Axelrod, who was U.S. President Barack Obama’s chief political advisers for his first term and during both the 2008 and 2012 presidential elections, was asked a variety of political questions throughout the night, mostly focused around his work with President Obama and the U.S. government shutdown.
But he did field a question on Ontario politics. As a strategist-for-hire in 2002, Axelrod worked on the provincial campaign of Dalton McGuinty, and helped Liberal opposition leader become premier the next year.
Sue Ann Levy, a Toronto Sun columnist, asked, “I want to know what you did so well to inflict Dalton McGuinty on us for 10 years, and whether you kept up with the scandals that have followed him, like the $1-billion gas plant scandal.”
Her question was received with a chorus of boos from the audience.
“My relationship with Dalton was rather short,” said Axelrod. “I gave him some message advice for a few months in his 2002 campaign. There was a strong movement within his group to make it an all-Canadian operation, so that was the last of my association with him.”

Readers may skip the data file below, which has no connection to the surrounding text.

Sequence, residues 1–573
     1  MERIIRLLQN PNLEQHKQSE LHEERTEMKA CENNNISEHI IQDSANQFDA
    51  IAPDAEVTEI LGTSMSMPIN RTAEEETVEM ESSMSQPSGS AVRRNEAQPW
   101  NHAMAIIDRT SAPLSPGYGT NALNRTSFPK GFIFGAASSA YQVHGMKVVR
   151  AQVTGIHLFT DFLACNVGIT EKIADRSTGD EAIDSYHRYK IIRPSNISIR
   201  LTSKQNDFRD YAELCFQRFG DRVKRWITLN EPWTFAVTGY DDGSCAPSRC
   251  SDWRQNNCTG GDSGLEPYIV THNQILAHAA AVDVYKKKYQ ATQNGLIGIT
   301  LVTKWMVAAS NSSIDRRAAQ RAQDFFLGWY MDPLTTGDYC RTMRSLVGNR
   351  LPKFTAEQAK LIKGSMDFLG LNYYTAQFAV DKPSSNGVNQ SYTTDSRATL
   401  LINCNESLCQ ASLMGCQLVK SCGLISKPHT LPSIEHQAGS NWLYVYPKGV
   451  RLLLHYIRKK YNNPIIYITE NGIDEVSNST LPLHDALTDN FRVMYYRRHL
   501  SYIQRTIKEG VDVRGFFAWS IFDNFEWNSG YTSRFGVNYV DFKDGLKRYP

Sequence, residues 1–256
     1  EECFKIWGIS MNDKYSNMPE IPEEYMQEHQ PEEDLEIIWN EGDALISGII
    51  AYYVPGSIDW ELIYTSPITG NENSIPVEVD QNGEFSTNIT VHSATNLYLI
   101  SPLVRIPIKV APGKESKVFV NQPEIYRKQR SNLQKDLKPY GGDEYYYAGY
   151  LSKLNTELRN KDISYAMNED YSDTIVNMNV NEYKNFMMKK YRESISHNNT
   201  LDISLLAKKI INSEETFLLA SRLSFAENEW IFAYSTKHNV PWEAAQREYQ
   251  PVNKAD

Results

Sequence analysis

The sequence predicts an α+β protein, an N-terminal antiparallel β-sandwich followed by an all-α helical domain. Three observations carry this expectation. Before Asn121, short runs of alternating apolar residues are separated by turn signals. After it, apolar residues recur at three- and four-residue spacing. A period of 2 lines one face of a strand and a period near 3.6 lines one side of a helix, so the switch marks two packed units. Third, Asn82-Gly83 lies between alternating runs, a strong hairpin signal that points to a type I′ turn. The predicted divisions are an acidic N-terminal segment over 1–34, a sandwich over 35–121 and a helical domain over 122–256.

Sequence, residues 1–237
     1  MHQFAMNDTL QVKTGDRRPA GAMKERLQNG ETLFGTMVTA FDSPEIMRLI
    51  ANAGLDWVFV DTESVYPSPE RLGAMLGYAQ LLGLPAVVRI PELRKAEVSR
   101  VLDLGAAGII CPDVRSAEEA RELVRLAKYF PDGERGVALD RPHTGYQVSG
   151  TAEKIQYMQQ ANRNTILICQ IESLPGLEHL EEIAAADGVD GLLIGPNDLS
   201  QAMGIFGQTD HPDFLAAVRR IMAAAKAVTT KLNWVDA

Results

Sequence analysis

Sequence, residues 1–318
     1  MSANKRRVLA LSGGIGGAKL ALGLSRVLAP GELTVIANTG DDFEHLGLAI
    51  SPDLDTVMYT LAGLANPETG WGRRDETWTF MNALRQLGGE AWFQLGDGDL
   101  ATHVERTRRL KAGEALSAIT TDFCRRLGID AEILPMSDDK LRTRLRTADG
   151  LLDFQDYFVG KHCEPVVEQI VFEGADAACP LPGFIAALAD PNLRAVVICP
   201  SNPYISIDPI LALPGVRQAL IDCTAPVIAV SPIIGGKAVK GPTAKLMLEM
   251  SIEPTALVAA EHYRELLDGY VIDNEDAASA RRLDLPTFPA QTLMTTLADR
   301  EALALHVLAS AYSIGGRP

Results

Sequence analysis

He then added: “I understand the controversy that you’re referring to, but I feel like I don’t have to answer your question.“
Now the director of the University of Chicago’s Institute of Politics, Axelrod was speaking at the behest of Reena, an organization for developmentally disabled people. Axelrod spoke at length about his daughter, who suffers from epilepsy. He talked about how the Affordable Health Care For America Act, Obama’s marquee piece of legislation frequently called Obamacare, would have helped his family during her illness.